To maintain the balance of power within the colony, a separate court of appeal, the audiencia, was established. This had the right of direct representation before the crown and could suspend crown officials from their duties; it also served to represent the Indians before their overlords and to administer justice. The crown also imposed the system of residencia, whereby a crown official was examined at the end of his term of office and any misconduct punished. These cumbersome institutions were often ill-equipped to deal with the American situation.
The Indians were "granted" to settlers under the encomienda system. Theoretically this provided the colony with a salaried labour force; each settler was given a number of Indians (but not their lands) from whom he took tribute or labour. The position of the Indian was therefore rather like that of the European serf and the power that this appeared to give to the colonists forced the crown to make several efforts to abolish the system. By the Laws of Burgos of 1512–1513 and subsequent royal decrees, the number of Indians held in encomienda was limited and their duties were to some extent lightened.
The wealth of the Americas
The great wealth of America lay in its silver deposits. The mines of Potosi in Peru and of Zacatecas, Guanajuato and the other Potosi in Mexico were all discovered during the 1540s and their output soon came to dominate the European silver market. The colonists benefited little, however, and were forced to subsist on agriculture and trade in lesser commodities, such as silks, with the Philippines. Precious metals were shipped via Seville which enjoyed a monopoly of America's trade and where a clearing house, the Casa de la Contratación, had been set up as early as 1503. The Americas had always been a Castilian venture and the Castilian crown benefited directly (Figure 5).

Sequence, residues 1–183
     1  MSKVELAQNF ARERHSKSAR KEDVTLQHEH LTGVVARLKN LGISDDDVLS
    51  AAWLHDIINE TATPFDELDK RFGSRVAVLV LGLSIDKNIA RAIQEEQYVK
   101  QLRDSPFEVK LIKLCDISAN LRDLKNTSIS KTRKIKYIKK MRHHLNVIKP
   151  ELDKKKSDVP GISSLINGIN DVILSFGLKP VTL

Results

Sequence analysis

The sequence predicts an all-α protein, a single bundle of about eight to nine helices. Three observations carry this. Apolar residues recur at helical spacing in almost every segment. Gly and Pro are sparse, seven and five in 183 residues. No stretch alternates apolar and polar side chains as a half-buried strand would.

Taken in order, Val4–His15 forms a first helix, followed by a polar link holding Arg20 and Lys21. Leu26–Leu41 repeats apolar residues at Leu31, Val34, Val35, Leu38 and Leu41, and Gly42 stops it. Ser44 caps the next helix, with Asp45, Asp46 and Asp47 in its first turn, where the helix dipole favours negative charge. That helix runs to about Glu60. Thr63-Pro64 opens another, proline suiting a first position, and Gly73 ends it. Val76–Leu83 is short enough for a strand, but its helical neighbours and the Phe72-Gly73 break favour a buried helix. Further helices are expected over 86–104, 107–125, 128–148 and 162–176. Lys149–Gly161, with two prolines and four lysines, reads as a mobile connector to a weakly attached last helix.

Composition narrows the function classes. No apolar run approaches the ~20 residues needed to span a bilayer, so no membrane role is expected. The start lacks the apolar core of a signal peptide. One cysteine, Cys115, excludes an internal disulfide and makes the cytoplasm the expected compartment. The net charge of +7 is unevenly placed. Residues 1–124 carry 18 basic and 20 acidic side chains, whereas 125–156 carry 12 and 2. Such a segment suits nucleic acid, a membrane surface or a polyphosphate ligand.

|This 17th-century Inca wooden beaker shows Peruvian Indians and a European together. At first, the Spaniards tried to preserve the Indian social structure, using local chieftains as justices and tax collectors. However, over the course of the 17th century, the native nobility intermarried and the Spaniards took Indian women as concubines, producing a mixed group known as mestizos. The Indian culture declined and was supplanted by that of white, or near-white society.
The impact of Spanish colonization upon the New World was considerable. The introduction of European crops and livestock destroyed the domestic life of the Indians and altered the ecological balance of central Mexico. The disruption of old tribal divisions and of the hierarchy of Aztec society produced an alienated, enfeebled community which rapidly succumbed to European diseases so that the population declined rapidly during the sixteenth century. Latin America thereafter was a mixed culture dominated by that of the Spanish settlers.
|By the Treaty of Tordesilias of 1494 the Spaniards and Portuguese - at the instigation of Pope Alexander VI – agreed to a demarcation line between their territorial claims. When Brazil was discovered in 1500 by Cabral, Portugal naturally claimed it but mid not seriously colonise it until 1530. Spain and Portugal were United between 1580 and 1640, so that Brazil was open to attack by Spain's enemies. In 1630, the Dutch seized a rich area in the north, which they kept until 1654 when they were driven out by wealthy landowners. Throughout the 17th century, the Brazilian economy developed rapidly, based on sugar and tobacco together with cotton and cattle.